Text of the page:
Only two of Wisconsin’s remaining coal-fired power plants can still compete with new wind and solar generators on price, according to a new study. And even those plants are “on the cusp.”
The report from Energy Innovation found nearly three quarters of all U.S. coal plants were either uneconomical compared to nearby wind and solar or were already slated for retirement.
Thanks to rapidly falling prices for wind turbines and solar panels, that “cost crossover” has come even faster than the clean energy advocacy group predicted just three years ago, adding urgency to the question of whether to keep coal plants running.
“It’s better (to) think about these things sooner rather than later,” said Eric Gimon, the lead author of the study.
Using publicly available data, the authors estimated the operating, maintenance and fuel costs of coal plants per unit of energy produced and compared them to the life cycle costs of wind and solar in the same region.
The study looked at eight Wisconsin power plants, which together produce about 40% of Wisconsin’s electricity supply and nearly 1 billion tons of carbon dioxide emissions each year.
Four of the six identified as uneconomic are already slated for retirement: Alliant Energy’s Edgewater plant in Sheboygan will close next year; We Energies’ South Oak Creek plant and the jointly owned Columbia Energy Center near Portage are set to close by 2025; and Dairyland Power Cooperative’s Genoa plant burned its last coal on April 11.
Alliant has told regulators it can save customers up to $6.5 billion over the next 35 years by replacing its coal-fired plants with wind, solar and other resources.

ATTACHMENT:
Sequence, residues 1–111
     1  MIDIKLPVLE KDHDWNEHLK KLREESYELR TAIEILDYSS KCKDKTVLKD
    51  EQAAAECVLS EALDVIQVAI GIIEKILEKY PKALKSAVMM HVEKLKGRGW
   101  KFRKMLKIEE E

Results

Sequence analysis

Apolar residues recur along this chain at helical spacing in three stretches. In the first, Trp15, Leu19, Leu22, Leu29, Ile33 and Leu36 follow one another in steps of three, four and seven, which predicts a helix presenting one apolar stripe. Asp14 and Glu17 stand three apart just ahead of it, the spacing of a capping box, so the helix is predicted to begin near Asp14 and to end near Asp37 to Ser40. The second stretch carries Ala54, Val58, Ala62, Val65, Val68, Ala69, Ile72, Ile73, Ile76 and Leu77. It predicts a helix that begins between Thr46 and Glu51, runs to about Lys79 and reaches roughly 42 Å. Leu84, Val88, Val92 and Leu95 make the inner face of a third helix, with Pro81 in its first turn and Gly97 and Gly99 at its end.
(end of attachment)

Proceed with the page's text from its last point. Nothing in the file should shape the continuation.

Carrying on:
WEC Energy Group and Madison Gas and Electric are expected to file an application Friday to purchase the 465-megawatt project in southeastern Dane County.
The study found Dairyland’s J.P. Madgett plant in Alma costs 14% more than solar in western Wisconsin, while Manitowoc Public Utilities’ plant is 45% more expensive than wind in that region.
Wisconsin’s two largest coal plants — in Rothschild and Oak Creek — are only slightly more cost-effective than renewables, according to the report. But Gimon cautions that could soon change.
“They’re still on the cusp. Eventually they’re going to run out of leader,” Gimon said, using a fishing metaphor. “Even unsubsidized wind is going to knock them out.”
The authors acknowledge that the decision to shutter existing plants cannot be made on cost alone, though they cite a recent RMI study that found more than half of the U.S. coal fleet could be replaced with lower cost wind and solar with no impact on reliability.
“The utilities hold all the cards when it comes to the cost of operating power plants and the alternatives,” said co-author Michael O’Boyle. “When called upon to answer the question they often offer a particularly narrow vision of what the system should look like … that benefits their shareholders.”
Gimon notes that the cost to operate coal plants doesn’t factor in the planet-warming gases they emit, nor the pollutants like nitrogen oxides and sulfur dioxide that lead to respiratory diseases.
“They might have been justified in the past because it was cheap power,” he said. “On the face of it, economically, it’s a draw. At the same time it’s killing people.”